The six sizes of the YOLOv10 model:

Bring this project to life

The six different sizes of YOLOv10
The six different sizes of YOLOv10 (Source)


The NMS-free training with consistent dual assignments cuts the end-to-end latency of YOLOv10-S by 4.63ms, maintaining a strong performance at 44.3% Average Precision or AP.

  • The efficiency-driven model design reduces 11.8 million parameters and 20.8 Giga Floating Point Operations Per Second or GFLOPs, decreasing YOLOv10-M's latency by 0.65ms.
  • The accuracy-driven model design also boosts AP by 1.8 for YOLOv10-S and 0.7 for YOLOv10-M, with minimal latency increases of just 0.18ms and 0.17ms, proving its effectiveness.

What are Dual Label Assignments in YOLOv10?

One-to-one matching in YOLO models assigns a single prediction to each ground truth, eliminating the need for NMS post-processing but resulting in weaker supervision and lower accuracy. To address this, dual label assignments are used which combine one-to-many and one-to-one strategies. An additional one-to-one head is introduced, identical in structure and optimization to the one-to-many branch, which is optimized jointly during training.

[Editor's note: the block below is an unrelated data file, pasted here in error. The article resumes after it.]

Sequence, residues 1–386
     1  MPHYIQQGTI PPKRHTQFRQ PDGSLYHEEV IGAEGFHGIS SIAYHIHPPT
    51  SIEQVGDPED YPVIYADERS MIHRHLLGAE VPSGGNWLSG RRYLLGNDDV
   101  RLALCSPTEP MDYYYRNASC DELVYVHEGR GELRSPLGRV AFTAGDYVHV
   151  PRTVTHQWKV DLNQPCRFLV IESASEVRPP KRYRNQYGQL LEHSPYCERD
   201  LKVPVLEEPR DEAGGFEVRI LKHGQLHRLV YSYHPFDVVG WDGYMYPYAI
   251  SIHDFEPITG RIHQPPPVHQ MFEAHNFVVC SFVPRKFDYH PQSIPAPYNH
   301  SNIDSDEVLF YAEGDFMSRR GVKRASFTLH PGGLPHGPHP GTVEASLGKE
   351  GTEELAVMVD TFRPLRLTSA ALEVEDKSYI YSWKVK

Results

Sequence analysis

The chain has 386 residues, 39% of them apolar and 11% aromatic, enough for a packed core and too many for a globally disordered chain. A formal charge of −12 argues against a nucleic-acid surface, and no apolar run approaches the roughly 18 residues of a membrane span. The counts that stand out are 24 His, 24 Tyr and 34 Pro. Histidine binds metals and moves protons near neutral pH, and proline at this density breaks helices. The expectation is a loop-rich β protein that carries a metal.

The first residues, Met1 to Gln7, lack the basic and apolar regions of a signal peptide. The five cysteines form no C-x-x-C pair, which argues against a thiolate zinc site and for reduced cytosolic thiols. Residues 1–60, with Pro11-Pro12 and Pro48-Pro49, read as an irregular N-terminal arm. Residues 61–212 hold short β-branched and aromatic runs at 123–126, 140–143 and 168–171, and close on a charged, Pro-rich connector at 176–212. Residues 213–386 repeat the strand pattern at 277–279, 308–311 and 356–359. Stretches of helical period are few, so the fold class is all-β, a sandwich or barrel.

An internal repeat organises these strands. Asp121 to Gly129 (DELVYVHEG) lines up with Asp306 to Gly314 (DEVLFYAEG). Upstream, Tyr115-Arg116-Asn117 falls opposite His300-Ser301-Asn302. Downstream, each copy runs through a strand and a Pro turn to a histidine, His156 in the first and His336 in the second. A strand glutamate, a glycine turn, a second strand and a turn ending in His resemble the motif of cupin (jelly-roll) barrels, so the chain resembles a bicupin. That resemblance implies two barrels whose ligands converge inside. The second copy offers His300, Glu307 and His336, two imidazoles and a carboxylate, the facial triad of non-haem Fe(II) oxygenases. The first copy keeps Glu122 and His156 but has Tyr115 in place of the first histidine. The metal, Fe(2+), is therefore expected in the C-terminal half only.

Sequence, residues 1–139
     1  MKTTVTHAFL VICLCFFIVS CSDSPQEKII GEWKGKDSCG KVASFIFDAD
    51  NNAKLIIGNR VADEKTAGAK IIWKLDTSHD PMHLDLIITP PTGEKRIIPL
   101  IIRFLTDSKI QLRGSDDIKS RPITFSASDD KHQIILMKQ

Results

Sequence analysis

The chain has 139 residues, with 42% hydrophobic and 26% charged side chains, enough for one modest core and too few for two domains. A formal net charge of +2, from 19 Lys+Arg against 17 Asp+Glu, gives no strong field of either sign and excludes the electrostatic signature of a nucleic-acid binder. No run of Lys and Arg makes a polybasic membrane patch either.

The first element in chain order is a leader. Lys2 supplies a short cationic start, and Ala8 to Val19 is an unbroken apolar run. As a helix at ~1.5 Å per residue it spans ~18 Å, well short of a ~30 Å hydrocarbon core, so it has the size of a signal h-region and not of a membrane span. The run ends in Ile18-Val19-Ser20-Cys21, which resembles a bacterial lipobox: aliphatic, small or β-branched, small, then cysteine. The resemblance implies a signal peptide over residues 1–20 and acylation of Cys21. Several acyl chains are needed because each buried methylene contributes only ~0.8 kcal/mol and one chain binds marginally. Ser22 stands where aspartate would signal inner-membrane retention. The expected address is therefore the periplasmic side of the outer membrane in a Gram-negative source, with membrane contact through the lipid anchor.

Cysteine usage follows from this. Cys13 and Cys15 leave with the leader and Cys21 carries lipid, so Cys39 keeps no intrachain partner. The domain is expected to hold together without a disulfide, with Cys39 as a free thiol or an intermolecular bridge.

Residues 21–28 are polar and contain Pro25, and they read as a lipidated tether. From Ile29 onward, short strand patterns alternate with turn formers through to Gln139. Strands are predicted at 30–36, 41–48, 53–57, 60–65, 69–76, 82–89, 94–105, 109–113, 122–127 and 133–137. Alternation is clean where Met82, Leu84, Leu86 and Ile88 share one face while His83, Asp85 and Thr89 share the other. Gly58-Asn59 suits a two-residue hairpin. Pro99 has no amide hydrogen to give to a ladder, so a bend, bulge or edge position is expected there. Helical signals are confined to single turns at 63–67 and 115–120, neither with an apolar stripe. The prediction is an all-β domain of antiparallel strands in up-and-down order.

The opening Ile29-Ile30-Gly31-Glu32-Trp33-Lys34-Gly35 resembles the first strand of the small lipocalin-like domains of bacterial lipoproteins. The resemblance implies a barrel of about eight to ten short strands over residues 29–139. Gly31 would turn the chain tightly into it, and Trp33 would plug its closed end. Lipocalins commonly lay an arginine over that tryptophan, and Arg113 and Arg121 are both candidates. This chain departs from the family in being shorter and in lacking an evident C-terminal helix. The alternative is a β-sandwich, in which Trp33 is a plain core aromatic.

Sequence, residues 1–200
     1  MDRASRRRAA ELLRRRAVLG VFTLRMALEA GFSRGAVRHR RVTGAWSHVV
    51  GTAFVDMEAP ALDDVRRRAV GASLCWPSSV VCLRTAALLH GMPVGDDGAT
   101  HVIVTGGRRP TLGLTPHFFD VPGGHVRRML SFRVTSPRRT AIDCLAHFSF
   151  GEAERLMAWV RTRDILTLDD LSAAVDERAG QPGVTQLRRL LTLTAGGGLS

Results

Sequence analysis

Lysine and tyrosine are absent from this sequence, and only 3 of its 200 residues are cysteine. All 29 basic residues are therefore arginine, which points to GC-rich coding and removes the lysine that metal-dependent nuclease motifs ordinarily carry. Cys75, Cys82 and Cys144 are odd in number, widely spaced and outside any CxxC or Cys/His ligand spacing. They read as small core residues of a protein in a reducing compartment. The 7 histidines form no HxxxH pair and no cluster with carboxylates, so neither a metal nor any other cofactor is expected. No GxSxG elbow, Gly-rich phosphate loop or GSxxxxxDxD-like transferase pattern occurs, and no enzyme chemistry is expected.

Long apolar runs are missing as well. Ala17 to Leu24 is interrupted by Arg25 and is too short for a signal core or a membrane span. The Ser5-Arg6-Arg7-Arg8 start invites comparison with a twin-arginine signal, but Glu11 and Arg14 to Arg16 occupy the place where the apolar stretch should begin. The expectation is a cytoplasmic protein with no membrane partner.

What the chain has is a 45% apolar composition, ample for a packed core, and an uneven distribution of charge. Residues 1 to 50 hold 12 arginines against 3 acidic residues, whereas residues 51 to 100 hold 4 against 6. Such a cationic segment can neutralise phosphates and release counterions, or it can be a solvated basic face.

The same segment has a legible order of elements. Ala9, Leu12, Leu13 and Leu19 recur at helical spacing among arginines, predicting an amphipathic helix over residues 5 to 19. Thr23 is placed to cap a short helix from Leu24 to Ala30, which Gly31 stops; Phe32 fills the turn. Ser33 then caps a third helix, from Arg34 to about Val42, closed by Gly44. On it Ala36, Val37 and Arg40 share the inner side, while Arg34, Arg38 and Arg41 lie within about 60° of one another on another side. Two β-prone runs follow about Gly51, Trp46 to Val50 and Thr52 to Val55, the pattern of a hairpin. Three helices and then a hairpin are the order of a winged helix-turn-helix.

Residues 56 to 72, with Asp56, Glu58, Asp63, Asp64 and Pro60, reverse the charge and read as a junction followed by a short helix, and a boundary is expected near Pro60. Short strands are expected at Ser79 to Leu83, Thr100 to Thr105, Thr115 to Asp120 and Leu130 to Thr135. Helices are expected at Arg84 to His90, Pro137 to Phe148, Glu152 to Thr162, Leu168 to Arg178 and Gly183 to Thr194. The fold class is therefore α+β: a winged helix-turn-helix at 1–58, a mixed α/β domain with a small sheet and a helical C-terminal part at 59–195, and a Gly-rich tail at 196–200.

This allows the model to benefit from the rich supervision of one-to-many assignments while using the one-to-one head for efficient, end-to-end inference. The one-to-one matching uses top-one selection, matching Hungarian performance with less training time.

What is Consistent Matching Metric?

During the assignment of predictions to ground truth instances, both one-to-one and one-to-many approaches use a metric to measure how well a prediction matches an instance. This metric combines the classification score, the bounding box overlap (IoU), and whether the prediction’s anchor point is within the instance.